Senator Daniel K Inouye

The Cardinal celebrates Asian Pacific American Heritage Month. Original date of publication, May 2, 2018

Sofonyas Shibre, Guest Writer

Senator Daniel Ken “Dan” Inouye was born on September 7, 1924, in Honolulu, Hawaii. He was a son of a Japanese immigrant father and a mother whose parents had migrated from Japan. Inouye graduated from Honolulu’s President William McKinley High School.

Senator Inouye fought in World War II and lost his right arm to a grenade wound for which he received the Medal of Honor. He also earned his law degree and when Hawaii achieved statehood in 1959, Senator Inouye was the first Japanese American elected to the House of Representatives and in 1962 was again also the first Japanese American elected to the U.S. Senate. He was also one of the longest-serving U.S. Senators in history. He never lost an election in the 58 years of service as an elected official.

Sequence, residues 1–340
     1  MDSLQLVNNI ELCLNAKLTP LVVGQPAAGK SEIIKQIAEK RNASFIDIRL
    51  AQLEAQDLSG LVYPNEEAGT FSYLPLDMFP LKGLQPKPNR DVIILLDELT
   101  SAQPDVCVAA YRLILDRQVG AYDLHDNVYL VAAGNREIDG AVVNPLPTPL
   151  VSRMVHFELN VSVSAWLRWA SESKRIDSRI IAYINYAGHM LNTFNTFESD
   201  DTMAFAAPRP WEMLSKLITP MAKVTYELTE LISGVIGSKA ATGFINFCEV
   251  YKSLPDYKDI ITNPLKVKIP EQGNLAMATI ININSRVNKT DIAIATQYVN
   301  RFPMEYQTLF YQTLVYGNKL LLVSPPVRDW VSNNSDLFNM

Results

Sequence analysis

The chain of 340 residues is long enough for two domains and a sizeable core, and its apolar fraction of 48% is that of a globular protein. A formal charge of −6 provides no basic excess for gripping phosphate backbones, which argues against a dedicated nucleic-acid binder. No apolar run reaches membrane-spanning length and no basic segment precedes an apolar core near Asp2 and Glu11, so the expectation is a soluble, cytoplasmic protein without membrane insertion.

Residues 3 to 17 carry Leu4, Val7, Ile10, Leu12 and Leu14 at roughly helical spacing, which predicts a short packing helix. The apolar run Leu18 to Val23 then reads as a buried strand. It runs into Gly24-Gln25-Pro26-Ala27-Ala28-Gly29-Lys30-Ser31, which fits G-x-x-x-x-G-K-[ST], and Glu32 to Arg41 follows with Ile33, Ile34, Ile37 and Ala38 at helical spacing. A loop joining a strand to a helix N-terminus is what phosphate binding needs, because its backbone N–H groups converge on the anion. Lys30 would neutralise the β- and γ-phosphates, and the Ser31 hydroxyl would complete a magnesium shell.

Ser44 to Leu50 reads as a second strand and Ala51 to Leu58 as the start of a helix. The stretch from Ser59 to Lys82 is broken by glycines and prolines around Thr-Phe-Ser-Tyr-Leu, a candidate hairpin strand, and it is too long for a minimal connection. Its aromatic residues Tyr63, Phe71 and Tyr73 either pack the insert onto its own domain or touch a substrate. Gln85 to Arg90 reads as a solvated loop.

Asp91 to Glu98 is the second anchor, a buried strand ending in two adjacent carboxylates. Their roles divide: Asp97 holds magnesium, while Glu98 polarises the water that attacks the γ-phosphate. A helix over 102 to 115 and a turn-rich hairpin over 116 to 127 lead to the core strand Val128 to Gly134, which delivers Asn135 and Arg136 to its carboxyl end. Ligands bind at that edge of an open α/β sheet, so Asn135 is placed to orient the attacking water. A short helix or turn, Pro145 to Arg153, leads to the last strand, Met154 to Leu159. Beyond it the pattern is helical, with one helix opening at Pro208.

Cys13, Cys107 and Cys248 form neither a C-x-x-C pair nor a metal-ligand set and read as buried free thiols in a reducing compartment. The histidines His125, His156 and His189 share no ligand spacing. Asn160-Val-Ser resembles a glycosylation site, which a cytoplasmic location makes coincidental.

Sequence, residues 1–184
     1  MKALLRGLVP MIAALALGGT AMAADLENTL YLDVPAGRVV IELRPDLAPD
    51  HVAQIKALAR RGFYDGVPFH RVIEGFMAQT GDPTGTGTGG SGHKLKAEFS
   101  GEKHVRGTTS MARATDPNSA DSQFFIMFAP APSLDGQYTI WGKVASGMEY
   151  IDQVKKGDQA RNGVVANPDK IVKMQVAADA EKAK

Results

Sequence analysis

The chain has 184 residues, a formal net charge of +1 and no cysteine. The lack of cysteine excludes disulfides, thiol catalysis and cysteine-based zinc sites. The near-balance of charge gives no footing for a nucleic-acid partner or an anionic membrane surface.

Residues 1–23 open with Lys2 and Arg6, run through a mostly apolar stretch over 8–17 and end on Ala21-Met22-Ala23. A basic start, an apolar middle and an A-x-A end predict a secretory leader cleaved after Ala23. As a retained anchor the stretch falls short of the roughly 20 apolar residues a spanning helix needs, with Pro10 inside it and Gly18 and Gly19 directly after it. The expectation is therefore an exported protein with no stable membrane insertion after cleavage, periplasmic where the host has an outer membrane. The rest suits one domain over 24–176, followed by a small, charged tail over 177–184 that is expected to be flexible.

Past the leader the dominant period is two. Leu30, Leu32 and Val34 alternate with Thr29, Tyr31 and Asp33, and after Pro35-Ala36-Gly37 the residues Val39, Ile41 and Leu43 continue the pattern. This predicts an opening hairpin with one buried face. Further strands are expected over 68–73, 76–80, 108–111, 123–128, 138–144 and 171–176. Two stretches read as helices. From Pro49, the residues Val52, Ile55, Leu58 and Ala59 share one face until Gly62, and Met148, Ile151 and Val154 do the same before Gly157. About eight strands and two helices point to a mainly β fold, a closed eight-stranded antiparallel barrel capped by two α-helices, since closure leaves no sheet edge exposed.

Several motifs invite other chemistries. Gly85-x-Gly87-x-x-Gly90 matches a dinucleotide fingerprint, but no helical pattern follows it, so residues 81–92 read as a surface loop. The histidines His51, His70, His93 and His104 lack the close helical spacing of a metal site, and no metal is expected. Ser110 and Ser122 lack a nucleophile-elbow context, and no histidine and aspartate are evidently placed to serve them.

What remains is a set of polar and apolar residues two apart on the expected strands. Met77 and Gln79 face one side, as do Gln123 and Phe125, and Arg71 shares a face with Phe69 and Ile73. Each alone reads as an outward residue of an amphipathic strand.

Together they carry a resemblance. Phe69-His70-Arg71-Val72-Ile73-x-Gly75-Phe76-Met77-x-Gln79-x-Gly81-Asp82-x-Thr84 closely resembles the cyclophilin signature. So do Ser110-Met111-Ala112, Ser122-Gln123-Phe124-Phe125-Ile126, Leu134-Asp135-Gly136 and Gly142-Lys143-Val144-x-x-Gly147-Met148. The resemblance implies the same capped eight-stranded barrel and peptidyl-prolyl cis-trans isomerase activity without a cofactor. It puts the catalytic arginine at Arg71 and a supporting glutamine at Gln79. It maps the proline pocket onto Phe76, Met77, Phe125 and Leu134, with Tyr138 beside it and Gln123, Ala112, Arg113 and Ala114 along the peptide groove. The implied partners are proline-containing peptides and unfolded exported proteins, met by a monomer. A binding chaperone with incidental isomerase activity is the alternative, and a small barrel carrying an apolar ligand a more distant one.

Because of his seniority, following Senator Robert Byrd’s death on June 29, 2010, Senator Inouye became President pro tempore of the Senate, making him third in the presidential line of succession after the Vice President and the Speaker of the House of Representatives.

His contributions to making America a better nation and his influence on Hawaii politics made him a popular and well-liked politician. The Honolulu International Airport has been renamed the Daniel K. Inouye International Airport in his honor. He died of respiratory complications on December 17, 2012